Photo gallery: Sharing of bread at Great Yarmouth’s Holocaust Memorial Day service
13:53 27 January 2014
Archant Norfolk © 2014
A moment’s silence and the symbolic sharing of bread brought people together inside the walls of Great Yarmouth’s historic Jewish cemetery.
About 20 people gathered at the Colby’s Gates Jewish cemetery in Blackfriars Road at 11am today for the annual Holocaust Memorial Day service.
Second World War veteran Neville Howell, who witnessed the horrors of the Nazi concentration camps, was among those who laid a wreath during the short service.
The 91-year-old served in the 73rd anti-tank regiment and was among the Allied troops that helped liberate Bergen Belsen in northern Germany.
Speaking to the congregation, Yarmouth team rector Rev Christopher Terry said we all had a duty to remember the people who lost their lives in the camps.
“Each passing year the actual survivors become fewer and fewer, yet for their descendents it remains more than a memory,” he said.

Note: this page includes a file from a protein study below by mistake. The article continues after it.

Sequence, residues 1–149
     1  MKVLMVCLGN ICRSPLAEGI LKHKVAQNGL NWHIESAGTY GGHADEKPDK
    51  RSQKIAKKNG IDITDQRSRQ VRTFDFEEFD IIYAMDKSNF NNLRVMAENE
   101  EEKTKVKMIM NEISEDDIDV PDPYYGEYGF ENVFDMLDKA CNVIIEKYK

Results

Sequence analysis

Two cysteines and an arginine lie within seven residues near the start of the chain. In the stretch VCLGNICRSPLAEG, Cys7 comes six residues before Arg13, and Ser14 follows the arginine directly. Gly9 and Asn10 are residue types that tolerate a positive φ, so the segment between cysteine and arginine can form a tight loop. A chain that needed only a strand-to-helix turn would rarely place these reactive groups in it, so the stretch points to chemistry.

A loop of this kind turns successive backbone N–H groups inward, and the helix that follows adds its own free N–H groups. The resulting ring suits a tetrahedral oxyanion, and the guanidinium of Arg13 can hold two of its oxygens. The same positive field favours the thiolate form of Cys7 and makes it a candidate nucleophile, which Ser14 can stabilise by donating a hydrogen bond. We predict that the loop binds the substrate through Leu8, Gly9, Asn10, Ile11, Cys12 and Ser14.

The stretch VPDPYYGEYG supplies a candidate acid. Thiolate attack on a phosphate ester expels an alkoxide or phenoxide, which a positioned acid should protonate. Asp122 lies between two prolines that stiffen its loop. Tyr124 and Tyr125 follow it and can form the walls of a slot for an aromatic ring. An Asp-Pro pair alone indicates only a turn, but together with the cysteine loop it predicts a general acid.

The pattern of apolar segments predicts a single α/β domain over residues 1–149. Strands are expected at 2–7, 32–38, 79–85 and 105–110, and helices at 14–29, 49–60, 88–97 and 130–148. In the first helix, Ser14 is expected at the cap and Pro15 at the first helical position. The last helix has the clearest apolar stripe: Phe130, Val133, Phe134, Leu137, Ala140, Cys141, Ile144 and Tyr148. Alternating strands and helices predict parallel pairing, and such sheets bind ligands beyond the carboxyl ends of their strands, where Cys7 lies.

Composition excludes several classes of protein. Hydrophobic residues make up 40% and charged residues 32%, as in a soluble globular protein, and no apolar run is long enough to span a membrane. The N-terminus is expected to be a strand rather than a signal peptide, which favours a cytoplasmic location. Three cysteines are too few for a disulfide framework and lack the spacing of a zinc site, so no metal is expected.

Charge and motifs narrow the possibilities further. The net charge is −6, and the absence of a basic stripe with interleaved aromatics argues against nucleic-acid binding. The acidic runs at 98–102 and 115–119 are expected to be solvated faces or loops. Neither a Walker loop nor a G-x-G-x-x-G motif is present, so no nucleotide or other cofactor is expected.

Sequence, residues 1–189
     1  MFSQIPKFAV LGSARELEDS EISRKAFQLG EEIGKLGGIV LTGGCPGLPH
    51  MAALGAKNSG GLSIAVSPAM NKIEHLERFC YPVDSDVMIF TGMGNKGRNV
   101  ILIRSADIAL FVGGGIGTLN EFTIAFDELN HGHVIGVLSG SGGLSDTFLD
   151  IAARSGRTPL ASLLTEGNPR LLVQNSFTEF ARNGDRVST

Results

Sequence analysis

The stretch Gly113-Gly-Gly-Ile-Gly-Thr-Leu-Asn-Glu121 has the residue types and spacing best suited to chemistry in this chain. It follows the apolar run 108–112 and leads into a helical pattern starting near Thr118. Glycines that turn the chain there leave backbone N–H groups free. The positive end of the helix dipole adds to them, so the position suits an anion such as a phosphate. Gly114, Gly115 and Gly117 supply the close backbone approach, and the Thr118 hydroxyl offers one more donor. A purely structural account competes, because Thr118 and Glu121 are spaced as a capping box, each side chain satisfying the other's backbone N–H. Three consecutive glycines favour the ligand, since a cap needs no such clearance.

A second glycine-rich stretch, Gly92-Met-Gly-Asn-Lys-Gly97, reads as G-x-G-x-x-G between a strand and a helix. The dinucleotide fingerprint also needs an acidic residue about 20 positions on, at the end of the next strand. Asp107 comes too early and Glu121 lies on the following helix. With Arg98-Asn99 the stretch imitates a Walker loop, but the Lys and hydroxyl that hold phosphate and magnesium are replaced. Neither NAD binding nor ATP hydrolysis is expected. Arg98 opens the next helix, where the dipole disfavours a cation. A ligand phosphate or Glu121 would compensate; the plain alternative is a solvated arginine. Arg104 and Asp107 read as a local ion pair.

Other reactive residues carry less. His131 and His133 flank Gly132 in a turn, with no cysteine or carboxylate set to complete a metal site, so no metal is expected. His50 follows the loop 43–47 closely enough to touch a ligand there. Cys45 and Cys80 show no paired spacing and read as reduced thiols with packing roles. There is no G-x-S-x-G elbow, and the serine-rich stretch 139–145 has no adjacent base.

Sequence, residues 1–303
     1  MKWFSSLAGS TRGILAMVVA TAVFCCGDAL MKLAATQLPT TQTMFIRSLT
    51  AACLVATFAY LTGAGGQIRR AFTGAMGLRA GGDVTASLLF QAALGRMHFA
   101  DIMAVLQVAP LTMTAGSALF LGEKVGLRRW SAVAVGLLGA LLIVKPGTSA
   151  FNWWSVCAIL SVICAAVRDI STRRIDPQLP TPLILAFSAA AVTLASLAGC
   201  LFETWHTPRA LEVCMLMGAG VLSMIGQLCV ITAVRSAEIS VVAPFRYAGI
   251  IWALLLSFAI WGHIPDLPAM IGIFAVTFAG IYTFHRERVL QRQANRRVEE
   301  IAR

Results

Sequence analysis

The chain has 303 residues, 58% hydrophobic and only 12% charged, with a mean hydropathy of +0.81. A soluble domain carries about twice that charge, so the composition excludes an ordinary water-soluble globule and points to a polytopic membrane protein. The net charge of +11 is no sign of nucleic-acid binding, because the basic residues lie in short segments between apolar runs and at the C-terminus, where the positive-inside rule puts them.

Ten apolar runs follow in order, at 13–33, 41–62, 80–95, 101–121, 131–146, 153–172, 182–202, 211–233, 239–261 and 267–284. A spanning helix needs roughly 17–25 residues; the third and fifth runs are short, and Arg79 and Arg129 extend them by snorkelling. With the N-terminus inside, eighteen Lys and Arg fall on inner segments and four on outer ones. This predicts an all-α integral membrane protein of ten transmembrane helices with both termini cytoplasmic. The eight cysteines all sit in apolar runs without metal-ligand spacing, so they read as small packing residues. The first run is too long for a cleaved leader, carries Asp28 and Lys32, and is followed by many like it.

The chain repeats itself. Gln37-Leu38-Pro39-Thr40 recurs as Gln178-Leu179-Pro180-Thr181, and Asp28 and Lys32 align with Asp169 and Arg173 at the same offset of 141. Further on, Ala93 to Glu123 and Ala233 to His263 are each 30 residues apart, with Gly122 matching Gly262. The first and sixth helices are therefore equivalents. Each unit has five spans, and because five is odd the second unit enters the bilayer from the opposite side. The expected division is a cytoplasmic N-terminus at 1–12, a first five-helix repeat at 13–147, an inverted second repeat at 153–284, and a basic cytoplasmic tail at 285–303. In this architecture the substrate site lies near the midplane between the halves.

Rev Albert Cadmore gave a reading from the Hebrew bible before the congregation listened to a litany of peace in which Rev Terry asked for “the courage to do the right thing, to speak truth, to oppose what must be opposed, and to build bridges with strangers”.
Video: On Holocaust Memorial Day, Auschwitz survivor Eva Schloss explains why we must never forget.
The Blackfriars Road cemetery, the Kitchener cemetery on Belvedere Road, Yarmouth, and the Jewish cemetery within Caister Municipal Cemetery will all be open today for people to pay their respects.
The Blackfriars Road burial ground, measuring just 13 yards (11.8 metres) by 6 yards (5.4 metres), was the first Jewish cemetery in Yarmouth, situated on a plot of land beneath the old town wall at Colby’s Gate.
The site was originally leased in April 1801 to Simon Hart, a Jewish silversmith who had lived in Yarmouth for about 40 years. Hart’s grave is one of ten in the small walled cemetery.